Plan for the City Pierre Charles L'Enfant, a French army engineer who participated in the American Revolution, was Washington's visionary planner. He drew up a plan for the city on paper called "A Plan for the Government of the District of Columbia." This document is preserved today at the Library of Congress in Washington, D.C.
L'Enfant was born in France and educated as a military engineer. In 1776, he came to America to help fight for the new nation. He worked for two years as an aide to General George Washington before being hired by Congress to design a capital city. The job required not only technical expertise but also artistic creativity; no one else could fulfill these needs simultaneously.
L'Enfant first proposed a site for the new federal city on the Potomac River near Georgetown, but this idea was rejected by Congress. Then he suggested a site near the Mall in downtown Washington, which was accepted by Congress over the objections of George Washington.
In his plan, L'Enfant divided the city into nine districts, each with its own government officials. They would be appointed by Congress and could be removed by it. The plan also included a large central park that was to be filled with trees and flowers from all over the world.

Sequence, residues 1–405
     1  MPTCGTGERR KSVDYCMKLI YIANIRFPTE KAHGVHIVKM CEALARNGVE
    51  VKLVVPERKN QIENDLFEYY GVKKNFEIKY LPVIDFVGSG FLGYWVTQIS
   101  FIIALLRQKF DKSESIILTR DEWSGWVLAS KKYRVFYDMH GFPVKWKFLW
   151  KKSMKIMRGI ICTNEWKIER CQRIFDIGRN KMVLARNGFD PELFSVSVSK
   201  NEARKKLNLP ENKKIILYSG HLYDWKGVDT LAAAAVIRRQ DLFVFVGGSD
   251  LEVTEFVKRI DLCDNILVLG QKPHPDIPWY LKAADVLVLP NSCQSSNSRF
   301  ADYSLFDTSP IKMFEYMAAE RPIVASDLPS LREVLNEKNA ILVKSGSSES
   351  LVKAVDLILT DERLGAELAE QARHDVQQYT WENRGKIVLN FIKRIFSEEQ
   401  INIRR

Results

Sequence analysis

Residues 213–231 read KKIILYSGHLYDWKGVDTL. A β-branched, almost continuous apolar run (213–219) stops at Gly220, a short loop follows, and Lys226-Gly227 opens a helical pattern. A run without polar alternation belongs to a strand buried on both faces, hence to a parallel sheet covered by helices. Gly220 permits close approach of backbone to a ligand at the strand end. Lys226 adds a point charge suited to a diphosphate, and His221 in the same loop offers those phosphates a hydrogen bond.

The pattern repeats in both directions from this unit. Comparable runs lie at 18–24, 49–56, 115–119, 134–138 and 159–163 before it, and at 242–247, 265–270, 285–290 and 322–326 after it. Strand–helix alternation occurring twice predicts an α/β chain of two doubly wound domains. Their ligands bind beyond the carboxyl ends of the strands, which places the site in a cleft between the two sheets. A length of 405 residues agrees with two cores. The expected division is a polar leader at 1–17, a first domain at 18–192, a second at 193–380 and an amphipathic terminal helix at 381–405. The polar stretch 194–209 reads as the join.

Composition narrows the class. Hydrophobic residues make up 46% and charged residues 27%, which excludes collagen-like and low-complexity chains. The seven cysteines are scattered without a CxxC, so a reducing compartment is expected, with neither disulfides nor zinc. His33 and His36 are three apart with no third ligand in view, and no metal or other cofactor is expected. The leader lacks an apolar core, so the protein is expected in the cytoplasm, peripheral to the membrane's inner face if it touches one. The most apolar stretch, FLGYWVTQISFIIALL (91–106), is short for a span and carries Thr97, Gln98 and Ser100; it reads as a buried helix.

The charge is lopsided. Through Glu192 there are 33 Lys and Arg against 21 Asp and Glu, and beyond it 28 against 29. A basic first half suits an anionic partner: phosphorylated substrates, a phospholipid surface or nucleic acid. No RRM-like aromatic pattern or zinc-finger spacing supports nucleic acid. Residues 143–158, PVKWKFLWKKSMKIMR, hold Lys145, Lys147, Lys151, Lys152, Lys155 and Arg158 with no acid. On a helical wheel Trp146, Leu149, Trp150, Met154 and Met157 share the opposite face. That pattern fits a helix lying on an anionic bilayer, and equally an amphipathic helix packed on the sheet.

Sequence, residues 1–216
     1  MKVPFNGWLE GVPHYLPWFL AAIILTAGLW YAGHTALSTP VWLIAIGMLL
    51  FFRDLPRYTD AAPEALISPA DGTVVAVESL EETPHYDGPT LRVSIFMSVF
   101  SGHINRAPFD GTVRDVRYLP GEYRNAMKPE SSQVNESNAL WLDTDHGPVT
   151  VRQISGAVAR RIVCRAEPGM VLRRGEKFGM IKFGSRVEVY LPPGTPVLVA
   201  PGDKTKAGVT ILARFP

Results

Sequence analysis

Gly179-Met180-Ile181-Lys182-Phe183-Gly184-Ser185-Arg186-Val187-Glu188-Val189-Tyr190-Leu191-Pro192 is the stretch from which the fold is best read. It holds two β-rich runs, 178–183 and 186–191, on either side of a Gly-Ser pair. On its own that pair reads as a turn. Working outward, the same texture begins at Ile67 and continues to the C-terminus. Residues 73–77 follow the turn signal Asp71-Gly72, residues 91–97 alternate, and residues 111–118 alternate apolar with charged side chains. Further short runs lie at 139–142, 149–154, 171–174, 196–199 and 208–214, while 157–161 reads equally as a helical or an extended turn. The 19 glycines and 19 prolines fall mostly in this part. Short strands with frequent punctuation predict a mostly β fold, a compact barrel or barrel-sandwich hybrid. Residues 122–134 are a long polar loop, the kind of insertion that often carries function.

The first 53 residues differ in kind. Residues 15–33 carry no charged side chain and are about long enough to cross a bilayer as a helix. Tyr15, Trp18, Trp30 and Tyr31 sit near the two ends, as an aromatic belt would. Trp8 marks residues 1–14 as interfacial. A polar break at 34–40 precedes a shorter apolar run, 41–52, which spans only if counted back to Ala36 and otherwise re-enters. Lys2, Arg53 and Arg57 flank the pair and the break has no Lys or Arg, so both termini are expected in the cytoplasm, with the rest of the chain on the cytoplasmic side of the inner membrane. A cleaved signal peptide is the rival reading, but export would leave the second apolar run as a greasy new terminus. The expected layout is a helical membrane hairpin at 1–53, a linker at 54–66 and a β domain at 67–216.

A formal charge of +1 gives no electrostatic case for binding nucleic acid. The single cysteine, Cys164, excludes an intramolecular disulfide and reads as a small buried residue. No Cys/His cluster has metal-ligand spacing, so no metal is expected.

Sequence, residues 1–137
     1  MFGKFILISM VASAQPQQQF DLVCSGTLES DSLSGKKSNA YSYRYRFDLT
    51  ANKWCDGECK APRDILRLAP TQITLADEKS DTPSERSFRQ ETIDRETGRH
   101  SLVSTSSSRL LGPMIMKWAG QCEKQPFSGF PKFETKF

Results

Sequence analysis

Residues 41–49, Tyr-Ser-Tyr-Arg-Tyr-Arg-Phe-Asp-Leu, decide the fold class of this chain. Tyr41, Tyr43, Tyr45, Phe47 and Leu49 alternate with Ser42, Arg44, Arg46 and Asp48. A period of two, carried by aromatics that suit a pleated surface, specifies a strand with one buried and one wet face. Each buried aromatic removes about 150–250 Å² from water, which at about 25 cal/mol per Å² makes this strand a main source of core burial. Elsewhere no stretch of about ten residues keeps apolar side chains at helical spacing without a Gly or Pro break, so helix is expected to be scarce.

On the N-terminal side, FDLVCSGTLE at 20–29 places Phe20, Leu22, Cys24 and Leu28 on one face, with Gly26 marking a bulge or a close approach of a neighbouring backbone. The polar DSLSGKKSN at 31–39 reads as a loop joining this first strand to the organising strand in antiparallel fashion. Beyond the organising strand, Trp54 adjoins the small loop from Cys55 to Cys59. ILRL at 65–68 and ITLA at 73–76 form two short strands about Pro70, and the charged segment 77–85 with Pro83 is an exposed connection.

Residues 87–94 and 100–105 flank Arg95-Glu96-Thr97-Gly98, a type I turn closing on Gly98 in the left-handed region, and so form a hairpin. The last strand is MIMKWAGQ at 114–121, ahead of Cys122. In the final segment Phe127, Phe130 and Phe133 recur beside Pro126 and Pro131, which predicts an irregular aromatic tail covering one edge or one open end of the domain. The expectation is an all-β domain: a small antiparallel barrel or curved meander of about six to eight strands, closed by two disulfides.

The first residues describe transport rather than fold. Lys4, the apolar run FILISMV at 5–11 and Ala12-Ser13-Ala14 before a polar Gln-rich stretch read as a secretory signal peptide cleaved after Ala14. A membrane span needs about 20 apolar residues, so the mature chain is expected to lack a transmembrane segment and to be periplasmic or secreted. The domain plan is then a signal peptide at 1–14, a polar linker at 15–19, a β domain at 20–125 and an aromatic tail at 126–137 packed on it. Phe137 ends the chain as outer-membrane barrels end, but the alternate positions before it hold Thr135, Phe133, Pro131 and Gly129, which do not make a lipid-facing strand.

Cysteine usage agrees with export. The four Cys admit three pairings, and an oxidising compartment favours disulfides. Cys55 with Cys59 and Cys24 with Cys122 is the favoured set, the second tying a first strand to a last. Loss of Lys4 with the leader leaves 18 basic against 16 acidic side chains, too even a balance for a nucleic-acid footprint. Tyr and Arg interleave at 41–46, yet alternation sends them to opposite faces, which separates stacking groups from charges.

How an idea of a Frenchman become our capital city. When Washington appointed L'Enfant to plan the new federal city, he had no idea that his young assistant would one day be his heir apparent. But so it happened: When Washington died in 1799, he willed his home at Mount Vernon to his favorite apprentice, who then took his place as president of the United States.
L'Enfant was a military engineer who had been hired by Congress to plan the new federal city. He traveled to Philadelphia where Congress was meeting and presented his ideas about placing a government office building on a square with streets named for American heroes. L'Enfant also proposed wide avenues connecting the squares and planting trees along the roads to make the city look beautiful.
When President Washington heard about this proposal, he asked Congress to hire L'Enfant to build his new home in Virginia. So L'Enfant went back to work for the government and moved to Georgetown, which is now a neighborhood inside Washington, D.C. The job gave L'Enfant the opportunity to show his talent as a city planner. He designed large open spaces for parades and public gatherings and provided areas for parks and gardens.